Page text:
The birds and the bees

Today was a happy, happy day. My wife and son joined me at the slope. My wife's good friend also joined us for a picnic too. The Windrider Bee flew great. The bunch of us with flying wings had a good time attempting to battle. Yeah, today is a happy, happy day.

I really had a good feel for my Bee today. Got quite a number of flights with it, trimming it out, tuning it here and there. And by the end of the day, I have myself a nice-flying Bee. It can be better though. With a few more trimming flights I think I should be able to get the Bee to fly optimally.

The Bee flies really well at the Bedok Reservoir slope. It's light wing loading and excellent design keep the plane in the air effortlessly and gives the plane real good speed. It was a joy doing really hard turns without losing much altitude. This plane can be as aggressive as you want it to be. No wonder there are so much rave reviews about it in RCGroups. It's no fluke. It's real good design at a very good price. The build is also very straightforward. This wing is really an ARF. This is going to be my "go-to" plane for quite some time by the way it performed today. Furthermore it's just plug and play when I reach the top of the slope, no need for any assembly. Happy, happy day...

The two bees: looks fast even on the ground

Ken's bee in action

I'm hoping the rest of the Bees will be airborne soon. Then it will really be a battleground at Bedok Reservoir. That should really be fun.

Signing off,

Pictures by Ken (MadFlurry@DaddyHobby)

Thursday, February 07, 2008

Seeing is BEElieving

Day 2 of the Windrider Bee speed build.

First up, I found that the wing ends of the Bee really weak. If I were to hold the plane by the wing tips, it would just sag. And this is without any batteries or weight up front. My solution was to cut a slit on the underside of the wing, and slide in a small diameter carbon rod. This stiffened the plane a bit more but was still rather unsatisfactory. I then epoxied some flat carbon ribbon onto the top of the wing the length of each elevon. This really stiffened the plane up and I figured once I covered the plane with Budget Kote, it should be able to withstand punishment meted out by other wings and hopefully the unforgiving trees.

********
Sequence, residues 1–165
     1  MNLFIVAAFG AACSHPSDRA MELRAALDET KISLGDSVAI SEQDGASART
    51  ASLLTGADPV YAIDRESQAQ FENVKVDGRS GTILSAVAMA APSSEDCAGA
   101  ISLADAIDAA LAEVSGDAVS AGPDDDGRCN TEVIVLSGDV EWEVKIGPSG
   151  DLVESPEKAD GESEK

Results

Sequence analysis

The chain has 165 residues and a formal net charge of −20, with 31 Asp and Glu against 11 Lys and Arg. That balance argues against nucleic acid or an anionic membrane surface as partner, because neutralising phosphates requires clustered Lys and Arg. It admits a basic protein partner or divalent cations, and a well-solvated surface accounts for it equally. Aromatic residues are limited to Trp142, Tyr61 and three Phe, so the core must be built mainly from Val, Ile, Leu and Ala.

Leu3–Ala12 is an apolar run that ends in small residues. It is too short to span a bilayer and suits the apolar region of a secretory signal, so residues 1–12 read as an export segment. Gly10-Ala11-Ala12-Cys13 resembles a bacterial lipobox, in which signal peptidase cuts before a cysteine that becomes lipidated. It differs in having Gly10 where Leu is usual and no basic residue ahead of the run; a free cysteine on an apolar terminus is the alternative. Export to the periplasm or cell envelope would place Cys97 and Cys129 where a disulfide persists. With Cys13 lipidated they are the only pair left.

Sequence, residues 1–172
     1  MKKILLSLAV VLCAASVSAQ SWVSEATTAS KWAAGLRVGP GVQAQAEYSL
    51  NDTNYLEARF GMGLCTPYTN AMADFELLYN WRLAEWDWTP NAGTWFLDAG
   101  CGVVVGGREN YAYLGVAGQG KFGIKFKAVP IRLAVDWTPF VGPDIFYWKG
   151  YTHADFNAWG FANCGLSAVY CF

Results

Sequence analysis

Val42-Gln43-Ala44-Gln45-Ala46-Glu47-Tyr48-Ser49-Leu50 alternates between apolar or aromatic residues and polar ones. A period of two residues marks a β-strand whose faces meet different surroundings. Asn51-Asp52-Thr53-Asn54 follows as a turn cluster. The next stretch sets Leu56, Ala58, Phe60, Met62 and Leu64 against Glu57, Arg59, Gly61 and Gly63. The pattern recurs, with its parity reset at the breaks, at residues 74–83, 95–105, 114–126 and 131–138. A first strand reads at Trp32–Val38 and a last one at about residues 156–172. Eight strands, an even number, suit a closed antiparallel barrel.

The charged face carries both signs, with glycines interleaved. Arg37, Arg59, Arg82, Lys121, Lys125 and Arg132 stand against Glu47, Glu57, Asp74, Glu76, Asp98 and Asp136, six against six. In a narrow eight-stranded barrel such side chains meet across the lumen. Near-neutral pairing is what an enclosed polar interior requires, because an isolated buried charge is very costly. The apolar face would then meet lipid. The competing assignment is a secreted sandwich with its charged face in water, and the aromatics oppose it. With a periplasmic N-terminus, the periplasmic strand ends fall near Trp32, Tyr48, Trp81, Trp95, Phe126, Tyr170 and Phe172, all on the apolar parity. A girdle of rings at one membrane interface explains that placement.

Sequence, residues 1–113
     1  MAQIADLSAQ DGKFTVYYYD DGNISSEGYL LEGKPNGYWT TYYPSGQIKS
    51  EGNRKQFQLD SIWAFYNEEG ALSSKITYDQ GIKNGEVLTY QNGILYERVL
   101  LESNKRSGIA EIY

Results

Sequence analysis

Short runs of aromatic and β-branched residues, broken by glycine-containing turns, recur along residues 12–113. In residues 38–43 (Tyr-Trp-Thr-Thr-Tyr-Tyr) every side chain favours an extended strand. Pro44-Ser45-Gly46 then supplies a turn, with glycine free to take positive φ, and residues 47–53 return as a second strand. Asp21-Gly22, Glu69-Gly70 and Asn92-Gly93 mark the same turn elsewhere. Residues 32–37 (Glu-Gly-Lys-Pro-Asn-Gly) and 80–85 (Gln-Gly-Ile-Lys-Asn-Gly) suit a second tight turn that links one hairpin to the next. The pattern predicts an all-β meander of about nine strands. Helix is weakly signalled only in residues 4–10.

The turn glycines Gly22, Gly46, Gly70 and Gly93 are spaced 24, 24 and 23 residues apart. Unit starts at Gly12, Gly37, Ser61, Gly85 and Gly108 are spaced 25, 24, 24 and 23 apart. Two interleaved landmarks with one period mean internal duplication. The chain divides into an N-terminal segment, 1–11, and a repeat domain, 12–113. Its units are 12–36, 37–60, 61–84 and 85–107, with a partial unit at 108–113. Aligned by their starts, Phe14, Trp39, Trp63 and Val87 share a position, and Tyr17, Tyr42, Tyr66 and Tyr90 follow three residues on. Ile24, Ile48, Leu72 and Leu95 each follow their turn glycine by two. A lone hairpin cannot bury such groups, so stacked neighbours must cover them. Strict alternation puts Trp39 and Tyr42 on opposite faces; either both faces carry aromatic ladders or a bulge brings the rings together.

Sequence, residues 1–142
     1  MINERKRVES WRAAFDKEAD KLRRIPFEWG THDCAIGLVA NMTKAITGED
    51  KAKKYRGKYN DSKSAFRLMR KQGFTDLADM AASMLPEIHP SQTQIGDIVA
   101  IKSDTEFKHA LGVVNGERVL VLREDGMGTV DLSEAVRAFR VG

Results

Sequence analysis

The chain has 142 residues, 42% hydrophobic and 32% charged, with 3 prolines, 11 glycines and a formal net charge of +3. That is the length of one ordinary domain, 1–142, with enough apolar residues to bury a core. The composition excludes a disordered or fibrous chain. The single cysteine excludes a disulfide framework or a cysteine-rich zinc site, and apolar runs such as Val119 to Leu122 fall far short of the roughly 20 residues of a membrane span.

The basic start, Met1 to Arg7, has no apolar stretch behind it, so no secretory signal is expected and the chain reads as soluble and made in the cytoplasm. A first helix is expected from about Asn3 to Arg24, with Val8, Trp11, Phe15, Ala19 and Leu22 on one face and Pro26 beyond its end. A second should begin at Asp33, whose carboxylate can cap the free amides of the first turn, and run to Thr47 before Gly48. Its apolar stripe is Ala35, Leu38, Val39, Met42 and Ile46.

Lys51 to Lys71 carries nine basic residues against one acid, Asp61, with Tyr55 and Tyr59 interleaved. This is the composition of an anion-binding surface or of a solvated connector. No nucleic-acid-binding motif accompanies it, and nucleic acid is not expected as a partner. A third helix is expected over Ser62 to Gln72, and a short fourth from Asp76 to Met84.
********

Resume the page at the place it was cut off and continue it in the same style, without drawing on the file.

Now for the covering, I'm still not that good at covering foam cores, I need more practice. But given the rush nature of this build, I'll just do a decent job and fix anything later. This might not be the best way but I just had to give the Bee some air time by today.

I took around 2 hours just to cover something as simple as this. And the covering job was still far from satisfactory. My colour scheme: yellow for the top part of the wing and silver on the underside. This is the longest process of the whole build.

Next up, I proceeded to installing the push rods and control horns to the elevons. After that to the final programming of the radio. Done. I have succeeded in finishing the Bee for flight in less than 24 hours and around 6 hours of work on it. Fastest build of any plane ever for me. I decided to save the embelishment on the plane for later. Now it's time to hit the slopes and get some air time.

Max gave me a lift to the slope. Once up there, I checked for any conflicting frequency and Ken threw the Bee off the slope. She flies. It initially seemed nose heavy so I added some reflex. The next launch the Bee just ballooned up and it seemed to be stalling. I think I added too much reflex this time.